2

From what I can tell OP_DROP is a method of storing non validation data in a tx ( seperate from using data after OP_RETURN ).

However in this unlocking script described by bip199, the timeout block and timeout op are before the OP_DROP, meaning they would be dropped during validation? OP_DROP can't be describing what comes after because that should be the payment path validation - and because afaik bitcoin script is stack based.

What is the point of OP_DROP? How does it apply in the following script?

OP_IF
    [HASHOP] <digest> OP_EQUALVERIFY OP_DUP OP_HASH160 <seller pubkey hash>            
OP_ELSE
    <num> [TIMEOUTOP] OP_DROP OP_DUP OP_HASH160 <buyer pubkey hash>
OP_ENDIF
OP_EQUALVERIFY
OP_CHECKSIG
0

Both OP_CHECKSEQUENCEVERIFYand OP_CHECKLOCKTIMEVERIFY were OP_NOP opcodes that were redefined to their current definitions via a softfork. The presence of an OP_NOP opcode does nothing on the stack (it neither pops the item nor verifies anything.)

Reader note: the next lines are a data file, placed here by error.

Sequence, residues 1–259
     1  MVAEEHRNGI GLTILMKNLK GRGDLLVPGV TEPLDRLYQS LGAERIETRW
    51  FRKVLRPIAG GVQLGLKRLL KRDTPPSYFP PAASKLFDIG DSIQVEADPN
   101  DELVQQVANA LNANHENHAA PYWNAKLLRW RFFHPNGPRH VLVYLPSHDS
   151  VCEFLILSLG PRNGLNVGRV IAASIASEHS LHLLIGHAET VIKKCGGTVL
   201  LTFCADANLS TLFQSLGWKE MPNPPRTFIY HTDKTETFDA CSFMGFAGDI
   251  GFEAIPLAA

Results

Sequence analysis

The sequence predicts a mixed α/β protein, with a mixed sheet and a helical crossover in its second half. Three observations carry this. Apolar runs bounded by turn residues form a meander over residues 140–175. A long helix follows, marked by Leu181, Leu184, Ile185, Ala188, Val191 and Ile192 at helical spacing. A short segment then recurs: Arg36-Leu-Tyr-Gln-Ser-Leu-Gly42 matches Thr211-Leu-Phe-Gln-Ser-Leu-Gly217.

Softforks can only constrict the definition, not expand them. When OP_NOP opcodes were re-defined to meet the new conditions of the TIMEOUT, the constriction was to make a transaction invalid if the TIMEOUT conditions are not met.

However, the property of OP_NOP to do nothing on the stack could not be changed as that would mean expanding the scope of it's definition. Thus the number (blocks or seconds) that precedes the OP_CLTV or OP_CSV continues to remain on the stack even after the verification. This number has to be dropped manually to make the script execute the next items correctly (like ECDSA signature verification), which is why we use the OP_DROP opcode.

2

The TIMEOUTOP, which is one of OP_CHECKSEQUENCEVERIFY or OP_CHECKLOCKTIMEVERIFY, will either:

  1. Terminate the script with an error if the TIMEOUT conditions are not met
  2. Act as a NOP and leave the stack unchanged if the TIMEOUT conditions are met

2 occurs if the timeout has been met, and leaves the top of the stack with the timeout delay value. OP_DROP removes this value from the top of the stack, allowing the regular p2pkh script to continue execution by consuming the rest of the stack.

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